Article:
Sumadi: If they come from abroad or outside the region/city with airplane access, they should land at Jogja International Airport in Kulon Progo. The first access is via the airport train, then get off at Tugu Station. We also have Damri, which can stop at the destination shuttle. Internally, for tourists who don’t bring a vehicle, there is Transjogja which connects almost around Yogyakarta at a very low cost. You only need to pay Rp3,500 to enjoy the city to the fullest. There I could say that the means of transportation are sufficient and allow it to be accessed by all parties.

Also, for the south region of Central Java, from Kutoarjo to Purwokerto, there’s Blue Pramek that could reach Solo.


The Editor: How big is the current Malioboro concept to encourage economic growth and the tourism industry?

Sumadi: As we all know, Malioboro is now an icon, which I think has an exceptional contribution. Besides being a special place for tourists to visit, it is also a place for our MSME communities to do their part in contributing to economic growth. They sell foods, souvenirs, etc. The ending is how we can prosper the people of Yogyakarta City.

During the pandemic, our friends in other areas such as Bali, as they just depended on tourism, during the pandemic, visits decreased due to restrictions on health protocols, their growth dropped very low and was almost minus. But precisely in the city of Yogyakarta, with the pandemic, our economy grew plus, although not as high as before, it could grow 4 percent, because tourism still exists and MSMEs are still running.

This is supported by, perhaps, the branding of the city which is well known, especially to the Indonesian people. People say that the city of Yogyakarta is… something like wahhh. I always tell my colleagues this kind of narration, that every corner of the city of Yogyakarta is fun, full of memories, romantic, nostalgic. In fact, I often say it this way, if I may make an analogy with the land of Palestine in the scriptures as the promised land, then the city of Yogyakarta is the destined land. Because of what? Because people who have studied and worked here, have come, ate and drank from the land of Yogya, one day they will definitely miss coming to this city. I even did a small survey about it.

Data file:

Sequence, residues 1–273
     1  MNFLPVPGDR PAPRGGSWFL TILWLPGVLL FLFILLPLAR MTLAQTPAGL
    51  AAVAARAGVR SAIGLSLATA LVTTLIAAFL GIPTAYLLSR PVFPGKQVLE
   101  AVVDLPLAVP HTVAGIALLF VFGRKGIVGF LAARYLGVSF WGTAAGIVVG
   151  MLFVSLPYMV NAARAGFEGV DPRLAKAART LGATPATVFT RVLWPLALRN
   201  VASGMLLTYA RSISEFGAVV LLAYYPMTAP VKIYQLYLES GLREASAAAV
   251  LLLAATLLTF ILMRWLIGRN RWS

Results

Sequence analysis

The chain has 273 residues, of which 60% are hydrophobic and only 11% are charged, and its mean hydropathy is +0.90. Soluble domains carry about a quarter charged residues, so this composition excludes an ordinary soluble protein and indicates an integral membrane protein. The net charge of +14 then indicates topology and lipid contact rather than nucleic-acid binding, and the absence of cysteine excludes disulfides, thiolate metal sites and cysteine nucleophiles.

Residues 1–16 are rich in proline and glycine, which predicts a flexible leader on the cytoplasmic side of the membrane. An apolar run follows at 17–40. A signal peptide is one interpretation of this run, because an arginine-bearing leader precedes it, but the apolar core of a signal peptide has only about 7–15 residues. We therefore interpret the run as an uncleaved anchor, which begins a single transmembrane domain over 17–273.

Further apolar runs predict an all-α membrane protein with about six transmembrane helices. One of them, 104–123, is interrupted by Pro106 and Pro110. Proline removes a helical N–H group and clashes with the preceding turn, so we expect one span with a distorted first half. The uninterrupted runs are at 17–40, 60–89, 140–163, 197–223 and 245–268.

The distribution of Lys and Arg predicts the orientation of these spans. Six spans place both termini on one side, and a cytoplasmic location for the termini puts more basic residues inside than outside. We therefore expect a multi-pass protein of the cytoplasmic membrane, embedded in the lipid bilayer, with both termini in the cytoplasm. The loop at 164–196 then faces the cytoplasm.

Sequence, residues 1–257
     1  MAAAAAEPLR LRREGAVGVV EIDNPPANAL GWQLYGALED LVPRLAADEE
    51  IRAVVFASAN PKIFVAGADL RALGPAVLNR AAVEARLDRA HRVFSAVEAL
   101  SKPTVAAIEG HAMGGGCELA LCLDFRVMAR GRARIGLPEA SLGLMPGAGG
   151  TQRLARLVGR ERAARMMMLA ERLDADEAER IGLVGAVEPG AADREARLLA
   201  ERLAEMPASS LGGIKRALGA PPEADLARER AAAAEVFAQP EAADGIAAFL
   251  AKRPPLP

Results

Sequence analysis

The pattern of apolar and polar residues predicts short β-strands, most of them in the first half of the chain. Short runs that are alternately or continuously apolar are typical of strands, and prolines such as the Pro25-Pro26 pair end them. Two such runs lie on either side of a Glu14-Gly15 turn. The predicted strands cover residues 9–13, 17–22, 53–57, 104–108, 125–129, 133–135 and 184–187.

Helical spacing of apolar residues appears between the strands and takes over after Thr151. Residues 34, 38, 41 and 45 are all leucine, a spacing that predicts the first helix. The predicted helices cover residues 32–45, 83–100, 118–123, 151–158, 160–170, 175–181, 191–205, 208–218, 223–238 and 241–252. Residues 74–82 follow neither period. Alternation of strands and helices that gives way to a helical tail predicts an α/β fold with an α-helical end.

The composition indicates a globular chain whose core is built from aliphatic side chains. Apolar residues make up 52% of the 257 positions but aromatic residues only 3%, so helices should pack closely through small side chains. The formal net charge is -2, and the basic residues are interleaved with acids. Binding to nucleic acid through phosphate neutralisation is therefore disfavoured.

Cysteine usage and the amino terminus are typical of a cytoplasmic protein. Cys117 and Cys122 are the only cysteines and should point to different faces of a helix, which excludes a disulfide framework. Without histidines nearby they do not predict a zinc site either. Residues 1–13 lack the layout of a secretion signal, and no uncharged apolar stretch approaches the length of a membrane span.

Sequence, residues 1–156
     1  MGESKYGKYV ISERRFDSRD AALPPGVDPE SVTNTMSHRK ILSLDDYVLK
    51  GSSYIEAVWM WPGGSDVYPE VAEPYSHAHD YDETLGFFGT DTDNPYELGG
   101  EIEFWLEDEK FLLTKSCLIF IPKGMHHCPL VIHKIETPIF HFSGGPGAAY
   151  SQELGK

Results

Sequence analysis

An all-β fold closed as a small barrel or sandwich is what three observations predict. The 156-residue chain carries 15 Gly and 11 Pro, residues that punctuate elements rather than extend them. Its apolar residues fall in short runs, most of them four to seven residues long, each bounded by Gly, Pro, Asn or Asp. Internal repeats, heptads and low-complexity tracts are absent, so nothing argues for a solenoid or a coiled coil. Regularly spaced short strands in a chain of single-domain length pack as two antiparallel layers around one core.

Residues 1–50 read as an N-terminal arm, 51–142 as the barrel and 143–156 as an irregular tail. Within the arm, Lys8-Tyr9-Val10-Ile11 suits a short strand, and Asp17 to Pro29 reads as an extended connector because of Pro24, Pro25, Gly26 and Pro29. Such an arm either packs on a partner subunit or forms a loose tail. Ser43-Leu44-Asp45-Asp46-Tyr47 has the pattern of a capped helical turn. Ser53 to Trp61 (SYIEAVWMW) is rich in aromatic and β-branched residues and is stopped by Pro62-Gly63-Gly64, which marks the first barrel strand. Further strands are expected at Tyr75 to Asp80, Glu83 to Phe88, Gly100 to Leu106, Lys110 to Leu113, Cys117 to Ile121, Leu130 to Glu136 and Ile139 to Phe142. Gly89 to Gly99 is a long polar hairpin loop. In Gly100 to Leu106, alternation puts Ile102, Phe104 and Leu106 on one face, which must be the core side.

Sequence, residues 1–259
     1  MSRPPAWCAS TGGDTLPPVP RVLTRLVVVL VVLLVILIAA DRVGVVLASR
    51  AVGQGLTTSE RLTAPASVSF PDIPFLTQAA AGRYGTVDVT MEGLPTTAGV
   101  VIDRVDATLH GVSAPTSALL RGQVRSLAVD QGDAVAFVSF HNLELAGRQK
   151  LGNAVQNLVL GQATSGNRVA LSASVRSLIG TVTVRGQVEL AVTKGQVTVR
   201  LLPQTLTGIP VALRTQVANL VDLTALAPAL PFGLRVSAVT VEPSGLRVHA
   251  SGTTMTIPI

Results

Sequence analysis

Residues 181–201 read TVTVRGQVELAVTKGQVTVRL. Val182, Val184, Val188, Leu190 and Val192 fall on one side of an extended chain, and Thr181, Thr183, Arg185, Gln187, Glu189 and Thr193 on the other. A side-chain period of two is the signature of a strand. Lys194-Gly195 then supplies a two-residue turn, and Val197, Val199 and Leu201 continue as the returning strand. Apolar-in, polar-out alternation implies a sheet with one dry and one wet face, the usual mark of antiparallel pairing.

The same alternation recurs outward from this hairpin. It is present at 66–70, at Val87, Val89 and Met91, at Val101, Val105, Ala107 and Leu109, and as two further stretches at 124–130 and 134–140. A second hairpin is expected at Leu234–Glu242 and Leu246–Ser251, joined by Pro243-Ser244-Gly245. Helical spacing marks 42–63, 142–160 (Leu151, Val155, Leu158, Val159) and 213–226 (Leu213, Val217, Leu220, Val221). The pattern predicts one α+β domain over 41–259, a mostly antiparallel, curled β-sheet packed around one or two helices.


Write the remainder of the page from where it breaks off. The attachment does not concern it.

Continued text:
As an acting mayor, I was always asked by the Governor to accompany officials who came to Yogya. Data from 2021 shows that there are 276 official institutions visiting the DIY province. If there are 255 working days a year, it means that almost every day someone comes here. Official institutions such as DPRD, regencies, cities, provinces, ministries, non-ministerial institutions, they all come here. I ask, why did you come to Yogja? And they always say that Yogya is fun. So I always say that Yogya is the land of destiny. People who have come, one day he will come again.

Therefore, for us, Yogyakarta tourism makes us very optimistic. Especially when the access to the Jogja-Solo toll road is completed in July 2024. I have told the community that we must give in. From Saturday-Sunday, we give people the opportunity to enjoy the city of Yogya.


The Editor: How do you maintain and preserve the original culture of Yogya while encouraging the economy and tourism at the same time?

Sumadi: First, cultural heritage must be preserved. That’s the most important thing. We have cultural arts groups, so that cultural heritage could be well maintained and passed on to the younger generation. Second, we always make events for it. In fact, I asked the DIY government to make an annual event calendar, which not only contains events for the city, but also for the surrounding districts/cities so that the event continues and does not collide, so that people will not be confused. Tourists who will come could take a peek at the annual event calendar and go to what they are interested in. We even synergize with district/city friends throughout DIY, with Kadin in charge to facilitate it.

We are also complained by PHRI, because sometimes we reject tourists, but the next day we have none enjoying the city. That’s why we make events so that they are not empty and do not collide. For the cultural aspect, we always develop and preserve it by being activated in almost every sub-districts, there is such a thing named Cultural Information System. The community is registered to the system and will automatically join a cultural group and later get facilitated to develop the culture. For example, there was an agricultural event where we included traditional dance performances for children from the village. Everyone enjoyed it. We combine agriculture with culture.


The Editor: This is the last question, there are many universities in Jogja, but many observers deplore the development of a city that is considered less futuristic like in Europe. What do you think about this criticism?

Sumadi: That view is certainly a booster for us. We do realize that Yogyakarta is not a big city, and we have several areas that we really need to preserve. For example, areas within the Yogyakarta Palace, in Puro Pakalaman, in the cultural heritage area in Kotagede–the buildings of Ancient Mataram, there is one in Kota Baru–Indische, Ketandan Chinatown on Jalan Malioboro. It is undeniable from the current developments, the terms are growing buildings, but we have regulations regarding cultural heritage. They may build it, but the characteristics of Yogyakarta and its strategic areas must be maintained.

For example, in Kota Baru, if they want to rehabilitate or build something, the Indische character must still be shown. It shouldn’t have ‘other buildings’. May it be the facade or something else that gives it Indische characteristics. For example in Kota Gede, it’s Java, so there must be characters like Joglo or others.

We are trying to, on the one hand, we have this vision–how to prosper the people of Yogyakarta City, we must raise all of that together, both in the fields of health, education, tourism–we must continue to develop it, but we must still base it on the cultural aspect.